Barnes oversaw the Governor’s Task Force on Climate Change, where he gave farmers a seat at the table and invited WFU to help lead the discussion. This past summer and fall, during his run for Senate, Mandela visited WFU member farms and attended WFU’s candidate roundtables that focused on small businesses and family farm issues — even after other candidates opted to no-show.
“Mandela truly showed up, and we look forward to seeing how he continues to show up for Wisconsin,” Von Ruden said. “We wish him all the best in his next chapter and look forward to seeing how he continues to be a Friend of the Family Farmer.”
Jane Hansen of Ogema received the Builders Award, which recognizes outstanding commitment to building Farmers Union through county involvement, leadership development and member recruitment.
Hansen is an officer of the Taylor-Price Farmers Union and shepherdess of Autumn Larch Farm, located near Ogema. She has opened up her farm to educate others about regenerative agriculture and to share the techniques she has learned in the pursuit of healthy sheep, high quality wool, environmental stewardship, and a commitment to the regional economy. This fall Hansen, who is also an active member of Three Rivers Fibershed, pulled together collaborative partners, including WFU, for the inaugural Farm and Fiber Tour. The event included tour stops on farms throughout western Wisconsin and educated community members about farming practices.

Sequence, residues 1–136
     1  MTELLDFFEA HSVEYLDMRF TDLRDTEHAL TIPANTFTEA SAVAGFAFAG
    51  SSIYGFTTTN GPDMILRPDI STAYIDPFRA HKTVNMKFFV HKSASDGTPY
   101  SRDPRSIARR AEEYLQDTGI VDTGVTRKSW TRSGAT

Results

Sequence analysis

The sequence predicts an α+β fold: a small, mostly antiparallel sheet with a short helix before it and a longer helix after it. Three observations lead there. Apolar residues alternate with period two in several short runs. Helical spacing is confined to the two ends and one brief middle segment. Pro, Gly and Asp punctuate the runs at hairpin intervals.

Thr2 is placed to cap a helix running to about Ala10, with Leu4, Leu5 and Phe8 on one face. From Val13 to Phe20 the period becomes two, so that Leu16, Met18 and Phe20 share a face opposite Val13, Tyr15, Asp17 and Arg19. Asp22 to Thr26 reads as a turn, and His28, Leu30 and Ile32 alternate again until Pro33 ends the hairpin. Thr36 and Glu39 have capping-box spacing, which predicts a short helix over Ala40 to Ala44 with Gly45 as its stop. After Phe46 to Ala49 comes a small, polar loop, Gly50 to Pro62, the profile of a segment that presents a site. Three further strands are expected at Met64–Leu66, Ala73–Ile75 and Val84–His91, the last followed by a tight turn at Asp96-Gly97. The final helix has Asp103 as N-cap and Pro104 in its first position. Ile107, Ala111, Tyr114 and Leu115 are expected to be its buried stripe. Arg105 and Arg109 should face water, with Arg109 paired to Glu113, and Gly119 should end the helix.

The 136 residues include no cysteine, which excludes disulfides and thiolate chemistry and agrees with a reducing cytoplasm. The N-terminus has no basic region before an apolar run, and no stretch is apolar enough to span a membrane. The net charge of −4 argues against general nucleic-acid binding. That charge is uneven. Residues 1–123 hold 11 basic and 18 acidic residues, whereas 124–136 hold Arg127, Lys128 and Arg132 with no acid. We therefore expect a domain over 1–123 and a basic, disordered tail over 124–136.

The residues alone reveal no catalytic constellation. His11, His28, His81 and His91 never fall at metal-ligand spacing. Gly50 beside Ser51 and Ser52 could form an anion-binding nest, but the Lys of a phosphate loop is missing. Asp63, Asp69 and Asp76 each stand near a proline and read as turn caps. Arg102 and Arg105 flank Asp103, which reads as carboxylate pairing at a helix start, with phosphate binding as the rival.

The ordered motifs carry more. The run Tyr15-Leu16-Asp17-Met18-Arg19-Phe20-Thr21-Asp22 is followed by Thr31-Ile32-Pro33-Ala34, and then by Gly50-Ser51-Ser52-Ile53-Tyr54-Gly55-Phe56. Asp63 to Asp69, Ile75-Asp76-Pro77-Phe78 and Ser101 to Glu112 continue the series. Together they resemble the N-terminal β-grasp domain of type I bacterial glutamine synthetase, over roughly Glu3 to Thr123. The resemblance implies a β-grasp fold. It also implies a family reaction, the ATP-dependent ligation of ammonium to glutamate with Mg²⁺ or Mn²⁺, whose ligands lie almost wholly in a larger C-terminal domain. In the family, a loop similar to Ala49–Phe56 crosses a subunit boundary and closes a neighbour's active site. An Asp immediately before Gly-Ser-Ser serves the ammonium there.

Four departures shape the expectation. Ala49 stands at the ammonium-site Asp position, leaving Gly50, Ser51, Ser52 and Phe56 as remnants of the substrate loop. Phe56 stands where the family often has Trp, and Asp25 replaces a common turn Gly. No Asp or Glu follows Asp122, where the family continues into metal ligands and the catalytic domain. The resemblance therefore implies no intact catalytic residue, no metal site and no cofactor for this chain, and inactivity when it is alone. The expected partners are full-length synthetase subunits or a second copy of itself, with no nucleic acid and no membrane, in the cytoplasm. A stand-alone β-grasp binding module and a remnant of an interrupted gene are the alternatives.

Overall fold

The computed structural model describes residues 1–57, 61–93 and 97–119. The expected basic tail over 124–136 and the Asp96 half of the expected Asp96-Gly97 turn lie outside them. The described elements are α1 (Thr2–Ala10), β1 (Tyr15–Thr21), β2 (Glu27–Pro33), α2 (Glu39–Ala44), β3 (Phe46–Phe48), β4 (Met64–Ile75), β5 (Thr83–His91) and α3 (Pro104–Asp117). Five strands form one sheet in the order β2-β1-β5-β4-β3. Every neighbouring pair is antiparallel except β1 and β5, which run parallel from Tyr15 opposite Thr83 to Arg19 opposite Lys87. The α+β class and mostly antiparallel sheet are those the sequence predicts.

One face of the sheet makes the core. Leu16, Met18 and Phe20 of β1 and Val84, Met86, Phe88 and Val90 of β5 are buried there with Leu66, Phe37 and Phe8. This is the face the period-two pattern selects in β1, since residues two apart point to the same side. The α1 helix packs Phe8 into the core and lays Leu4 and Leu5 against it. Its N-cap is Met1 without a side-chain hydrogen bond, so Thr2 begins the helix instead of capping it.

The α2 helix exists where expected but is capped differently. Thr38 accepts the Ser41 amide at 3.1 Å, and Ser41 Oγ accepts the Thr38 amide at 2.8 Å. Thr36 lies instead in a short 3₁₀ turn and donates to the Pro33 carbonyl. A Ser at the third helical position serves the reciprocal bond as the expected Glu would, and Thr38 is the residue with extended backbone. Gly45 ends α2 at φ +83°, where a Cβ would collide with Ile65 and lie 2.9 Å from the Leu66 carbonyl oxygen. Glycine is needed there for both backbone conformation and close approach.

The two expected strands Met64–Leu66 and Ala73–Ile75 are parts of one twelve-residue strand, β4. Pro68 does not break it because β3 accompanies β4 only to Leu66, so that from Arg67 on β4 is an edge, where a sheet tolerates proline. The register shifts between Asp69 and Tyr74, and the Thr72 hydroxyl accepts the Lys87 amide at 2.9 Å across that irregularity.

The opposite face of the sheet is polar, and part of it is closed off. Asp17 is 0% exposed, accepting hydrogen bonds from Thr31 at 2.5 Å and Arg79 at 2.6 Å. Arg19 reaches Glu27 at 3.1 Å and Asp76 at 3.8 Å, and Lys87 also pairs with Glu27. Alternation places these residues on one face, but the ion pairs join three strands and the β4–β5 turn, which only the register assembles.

“Jane has strengthened WFU’s visibility in her region and beyond,” Von Ruden said. “She is also active in policy discussions, educating other farmers about the value of farmed fiber for textiles. Farmers Union is stronger due to her leadership and collaborative spirit.”
This is the third year that WFU presented a special Emerging Leader award to an individual who has ignited energy and engagement in WFU. This year’s Emerging Leader is Paul Adams.
Until 2020, Adams and his wife, Joann, and daughter, Becky, operated a 900-cow organic dairy farm in Eleva. Adams Dairy had been in his family for nearly 150 years before a crash in the organic dairy market forced the family to make the difficult decision to sell the herd. Adams went into dairy farming after graduating from high school in 1970, starting out with 30 cows and attending the UW Short Course.